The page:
- Notes on Contributors
Bruce Boehrer is Bertram H. Davis Professor of English and Frances Cushing Ervin Professor of English at Florida State University. He is the author of several books, including Animal Characters: Nonhuman Beings in Early Modern Literature (2010), Parrot Culture: Our 2500-Year-Long Fascination with the World's Most Talkative Bird (2004), and Shakespeare Among the Animals: Nature and Society in the Drama of Early Modern England (2002). He is founding editor of the Journal for Early Modern Cultural Studies.
Laura Brown is the Anderson Professor of English and Vice Provost for Undergraduate Education at Cornell University. Her publications include Fables of Modernity: Literature and Culture in the English Eighteenth Century (2001) and Homeless Dogs and Melancholy Apes: Humans and Other Animals in the Modern Literary Imagination (2010).
Lucinda Cole is Associate Professor at the University of Southern Maine, where she teaches courses on early modern literature and animal studies. Her most recent essays have appeared in the Journal for Early Modern Cultural Studies and in the Routledge Companion to Literature and Science. She is completing a book on early modern vermin.
Erica Fudge is Professor of English Studies at the University of Strathclyde and is the author of four books: Perceiving Animals: Humans and Beasts in Early Modern English Culture (2000), Animal (2002), Brutal Reasoning: Animals, Rationality and Humanity in Early Modern England (2006) and Pets (2008). She was the director of the British Animal Studies Network (funded by the Arts and Humanities Council of the UK) which ran from 2007–2009, and is associate editor for the Humanities of the journal Society & Animals.
Jonathan Lamb is the Andrew W. Mellon Professor of the Humanities at Vanderbilt University. He is the author of The Evolution of Sympathy (2009) and The Things Things Say, forthcoming with Princeton University Press. He is currently working on Scurvy: The Disease of Discovery, an account of the perceptual disturbances, passionate extremes and literary raw materials that come of vitaminosis.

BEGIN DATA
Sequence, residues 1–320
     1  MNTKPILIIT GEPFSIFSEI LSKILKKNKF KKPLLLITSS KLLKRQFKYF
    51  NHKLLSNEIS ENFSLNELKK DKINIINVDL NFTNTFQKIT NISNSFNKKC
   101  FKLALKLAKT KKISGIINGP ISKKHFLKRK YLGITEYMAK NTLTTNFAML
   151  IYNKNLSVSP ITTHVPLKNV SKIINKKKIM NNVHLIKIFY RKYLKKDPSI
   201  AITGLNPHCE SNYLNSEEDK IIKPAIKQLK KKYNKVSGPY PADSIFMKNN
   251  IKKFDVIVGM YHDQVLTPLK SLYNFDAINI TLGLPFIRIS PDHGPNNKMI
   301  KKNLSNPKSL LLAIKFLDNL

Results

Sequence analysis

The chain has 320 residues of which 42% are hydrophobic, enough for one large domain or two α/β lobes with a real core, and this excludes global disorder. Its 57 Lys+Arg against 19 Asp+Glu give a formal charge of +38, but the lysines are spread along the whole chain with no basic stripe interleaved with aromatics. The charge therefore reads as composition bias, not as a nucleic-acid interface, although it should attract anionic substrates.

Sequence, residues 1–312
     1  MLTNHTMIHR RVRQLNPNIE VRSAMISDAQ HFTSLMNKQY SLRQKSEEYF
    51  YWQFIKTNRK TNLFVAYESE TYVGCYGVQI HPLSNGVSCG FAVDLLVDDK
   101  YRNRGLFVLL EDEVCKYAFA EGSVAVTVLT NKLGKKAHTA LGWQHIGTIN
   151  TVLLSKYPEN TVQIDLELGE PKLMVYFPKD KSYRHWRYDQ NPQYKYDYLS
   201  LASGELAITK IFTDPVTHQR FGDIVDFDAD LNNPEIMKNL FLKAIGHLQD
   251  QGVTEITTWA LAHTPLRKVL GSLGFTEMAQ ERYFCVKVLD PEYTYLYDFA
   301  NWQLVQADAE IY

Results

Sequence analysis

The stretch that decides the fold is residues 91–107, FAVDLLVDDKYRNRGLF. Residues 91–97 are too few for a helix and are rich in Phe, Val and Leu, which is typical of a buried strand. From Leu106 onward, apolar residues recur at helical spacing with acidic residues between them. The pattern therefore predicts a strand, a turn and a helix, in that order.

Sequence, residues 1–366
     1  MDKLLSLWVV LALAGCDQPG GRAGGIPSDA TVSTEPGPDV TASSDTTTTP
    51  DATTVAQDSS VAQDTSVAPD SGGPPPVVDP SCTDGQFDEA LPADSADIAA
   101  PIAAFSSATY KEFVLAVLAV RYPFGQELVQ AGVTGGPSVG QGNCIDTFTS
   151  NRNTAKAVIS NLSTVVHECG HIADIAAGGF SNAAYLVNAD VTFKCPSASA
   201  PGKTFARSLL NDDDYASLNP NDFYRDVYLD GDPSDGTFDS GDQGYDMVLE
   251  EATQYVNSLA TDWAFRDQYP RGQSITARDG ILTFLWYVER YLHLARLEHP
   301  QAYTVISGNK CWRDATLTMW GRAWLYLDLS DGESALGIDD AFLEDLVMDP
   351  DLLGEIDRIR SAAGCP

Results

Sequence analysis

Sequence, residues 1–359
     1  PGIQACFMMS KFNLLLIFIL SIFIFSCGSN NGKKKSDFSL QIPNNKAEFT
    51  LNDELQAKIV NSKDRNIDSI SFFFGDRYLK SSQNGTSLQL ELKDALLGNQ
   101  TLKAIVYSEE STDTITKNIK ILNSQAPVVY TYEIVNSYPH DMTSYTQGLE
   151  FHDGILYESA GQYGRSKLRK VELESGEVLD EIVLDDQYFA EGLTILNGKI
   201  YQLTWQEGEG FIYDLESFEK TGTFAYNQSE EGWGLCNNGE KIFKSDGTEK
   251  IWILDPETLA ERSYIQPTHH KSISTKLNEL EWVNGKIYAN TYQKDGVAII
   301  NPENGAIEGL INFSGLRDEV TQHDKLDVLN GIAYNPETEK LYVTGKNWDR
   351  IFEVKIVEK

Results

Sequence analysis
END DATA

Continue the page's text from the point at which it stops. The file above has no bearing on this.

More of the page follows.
Donna Landry is Professor of English and American Literature and Co-Director of the Centre for Studies in the Long Eighteenth Century at the University of Kent. A Fellow of the Royal Asiatic Society, she recently published Noble Brutes: How Eastern Horses Transformed English Culture (2008), and has [End Page 107] now embarked upon The Evliya Çelebi Way: http://www.kent.ac.uk/english/evliya/index.html.
Robert Markley is W. D. and Sara E. Trowbridge Professor of English at the University of Illinois and editor of The Eighteenth Century: Theory and Interpretation. The author of more than eighty articles in eighteenth-century studies, science studies, and new media, his recent books include Dying Planet: Mars in Science and the Imagination (2005), and The Far East and the English Imagination, 1600–1730 (2006). He is currently completing a book on climate and culture during the Little Ice Age (c 1500–1800).
Richard Nash, Professor of English at Indiana University, is the author of Wild Enlightenment (2003), winner of the Walker Cowen Prize, and several essays on Animal Studies. He is currently working on a book on the origins of the thoroughbred racehorse and what it means to "invent" an animal.
Cary Wolfe is Bruce and Elizabeth Dunlevie Professor of English at Rice Unversity. He is the author and co-editor of several books, including Animal Rites: American Culture, The Discourse of Species, and Posthumanist Theory (2003), Zoontologies: The Question of the Animal (2003), and, most recently, What is Posthumanism? (2009). He is founding editor of the series Posthumanties with the University of Minnesota Press. [End Page 108]